So far this summer Newcastle United have made one permanent signing, bringing in Joe Willock from Arsenal.

The 21-year-old was a surprise arrival, becoming one of the most expensive signings in the club’s history.

Sky Sports state the deal is worth £25million, which would mean only Joelinton has cost Newcastle more.

It was a big signing by the Magpies, especially when you consider there were claims that our transfer budget was only £12million.

Arsenal v Chelsea - Pre Season Friendly
(Photo by Visionhaus/Getty Images)

But Mike Ashley found some money from somewhere, enabling Lee Charnley to complete a permanent deal. What a duo…

Of course, it took them forever to complete a deal and Willock missed the first game of the season, but well done lads, great work.

However, Newcastle still need reinforcements. But will they be permanent or loan additions?

 

Chris Waugh suggests Newcastle might be able to make a permanent signing

On the Athletic’s Newcastle podcast ‘Pod On The Tyne’, journalist Chris Waugh spoke about the Magpies’ transfer plans.

Newcastle United Pre-Season Training Session
(Photo by Serena Taylor/Newcastle United via Getty Images)

“It’s sort of been suggested to me over the last week or so that maybe the Willock money, because they went and signed him permanently when they didn’t necessarily expect they would, there may be a little bit of money for one more permanent,” Waugh said on Pod On The Tyne (13:20).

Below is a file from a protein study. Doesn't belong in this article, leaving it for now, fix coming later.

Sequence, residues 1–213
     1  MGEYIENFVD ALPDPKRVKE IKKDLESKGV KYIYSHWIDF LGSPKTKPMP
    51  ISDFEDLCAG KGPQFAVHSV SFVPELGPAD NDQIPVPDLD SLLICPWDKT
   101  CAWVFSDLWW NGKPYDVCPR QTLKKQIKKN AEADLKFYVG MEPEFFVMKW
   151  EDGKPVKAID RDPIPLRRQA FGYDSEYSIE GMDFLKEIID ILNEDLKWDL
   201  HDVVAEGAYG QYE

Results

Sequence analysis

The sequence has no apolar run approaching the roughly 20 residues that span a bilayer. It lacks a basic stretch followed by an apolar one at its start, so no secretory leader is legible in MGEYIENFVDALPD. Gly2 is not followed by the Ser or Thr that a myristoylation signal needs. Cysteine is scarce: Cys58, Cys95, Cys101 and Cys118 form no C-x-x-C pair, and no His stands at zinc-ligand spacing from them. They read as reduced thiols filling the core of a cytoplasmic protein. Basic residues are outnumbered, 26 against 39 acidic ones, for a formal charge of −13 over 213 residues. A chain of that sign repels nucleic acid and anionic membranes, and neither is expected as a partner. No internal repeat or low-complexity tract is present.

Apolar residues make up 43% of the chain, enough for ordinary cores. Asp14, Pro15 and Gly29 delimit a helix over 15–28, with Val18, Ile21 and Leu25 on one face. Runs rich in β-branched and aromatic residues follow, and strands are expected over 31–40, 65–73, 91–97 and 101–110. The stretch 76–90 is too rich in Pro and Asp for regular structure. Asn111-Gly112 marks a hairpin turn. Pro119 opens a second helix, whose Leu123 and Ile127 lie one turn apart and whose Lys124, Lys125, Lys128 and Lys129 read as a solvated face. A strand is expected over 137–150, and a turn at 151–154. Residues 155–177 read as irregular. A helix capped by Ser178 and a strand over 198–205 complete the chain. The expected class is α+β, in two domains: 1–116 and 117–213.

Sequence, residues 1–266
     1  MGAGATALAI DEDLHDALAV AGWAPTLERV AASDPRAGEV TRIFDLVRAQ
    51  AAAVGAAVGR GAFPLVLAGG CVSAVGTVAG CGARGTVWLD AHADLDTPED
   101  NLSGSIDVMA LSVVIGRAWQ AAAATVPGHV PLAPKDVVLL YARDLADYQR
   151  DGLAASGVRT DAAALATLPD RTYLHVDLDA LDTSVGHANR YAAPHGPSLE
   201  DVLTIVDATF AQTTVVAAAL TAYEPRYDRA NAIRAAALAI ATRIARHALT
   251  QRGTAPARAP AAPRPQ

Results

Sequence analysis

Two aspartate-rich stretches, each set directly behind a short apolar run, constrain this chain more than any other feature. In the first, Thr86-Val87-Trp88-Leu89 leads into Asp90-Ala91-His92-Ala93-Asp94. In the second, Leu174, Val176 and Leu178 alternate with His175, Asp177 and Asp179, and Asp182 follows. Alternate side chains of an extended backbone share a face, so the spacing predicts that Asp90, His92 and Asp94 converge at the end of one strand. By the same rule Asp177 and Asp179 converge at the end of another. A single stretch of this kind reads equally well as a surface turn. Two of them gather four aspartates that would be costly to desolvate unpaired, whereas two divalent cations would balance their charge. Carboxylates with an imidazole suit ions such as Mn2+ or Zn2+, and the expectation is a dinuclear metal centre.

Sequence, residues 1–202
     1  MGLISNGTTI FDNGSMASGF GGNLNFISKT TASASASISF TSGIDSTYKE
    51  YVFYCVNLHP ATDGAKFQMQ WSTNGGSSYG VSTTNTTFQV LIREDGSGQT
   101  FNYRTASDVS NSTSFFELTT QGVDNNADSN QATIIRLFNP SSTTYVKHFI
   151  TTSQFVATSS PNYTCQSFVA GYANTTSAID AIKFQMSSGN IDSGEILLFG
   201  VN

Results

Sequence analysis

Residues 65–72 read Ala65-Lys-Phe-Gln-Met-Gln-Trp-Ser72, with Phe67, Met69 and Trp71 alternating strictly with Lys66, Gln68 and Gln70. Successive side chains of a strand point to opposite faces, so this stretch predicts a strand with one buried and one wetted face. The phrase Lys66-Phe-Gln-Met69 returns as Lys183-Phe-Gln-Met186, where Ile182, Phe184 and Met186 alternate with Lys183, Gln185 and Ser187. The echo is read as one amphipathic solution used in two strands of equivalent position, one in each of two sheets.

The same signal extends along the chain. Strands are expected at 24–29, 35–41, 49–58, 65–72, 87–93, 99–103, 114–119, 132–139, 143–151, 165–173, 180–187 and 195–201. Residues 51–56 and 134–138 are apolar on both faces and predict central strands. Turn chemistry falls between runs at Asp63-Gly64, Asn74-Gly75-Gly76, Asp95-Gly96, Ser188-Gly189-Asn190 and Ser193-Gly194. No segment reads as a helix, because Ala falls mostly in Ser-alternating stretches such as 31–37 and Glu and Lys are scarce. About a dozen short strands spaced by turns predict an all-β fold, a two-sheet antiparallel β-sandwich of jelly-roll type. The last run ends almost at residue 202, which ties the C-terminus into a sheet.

“But I think they would have to fit the criteria again of being under 24, sell-on potential. I don’t think there’s loads of money so ideally Newcastle will be prioritising the loan market.”

One more permanent signing would be great considering our financial limitations, but it feels unlikely.

If we only want under 24 players, then they will likely cost a fair wedge of cash if they’re any good.

Newcastle United v West Ham United - Premier League
(Photo by Stu Forster/Getty Images)

While there may be some money left for a permanent deal, it feels much more likely that we’ll bring in a couple of loans instead.

Regardless, we still need reinforcements. Loan deals will suffice, but they will bring us back to square one next summer when the deals expire.

As always with Newcastle, there is limited long-term planning.

Have something to tell us about this article?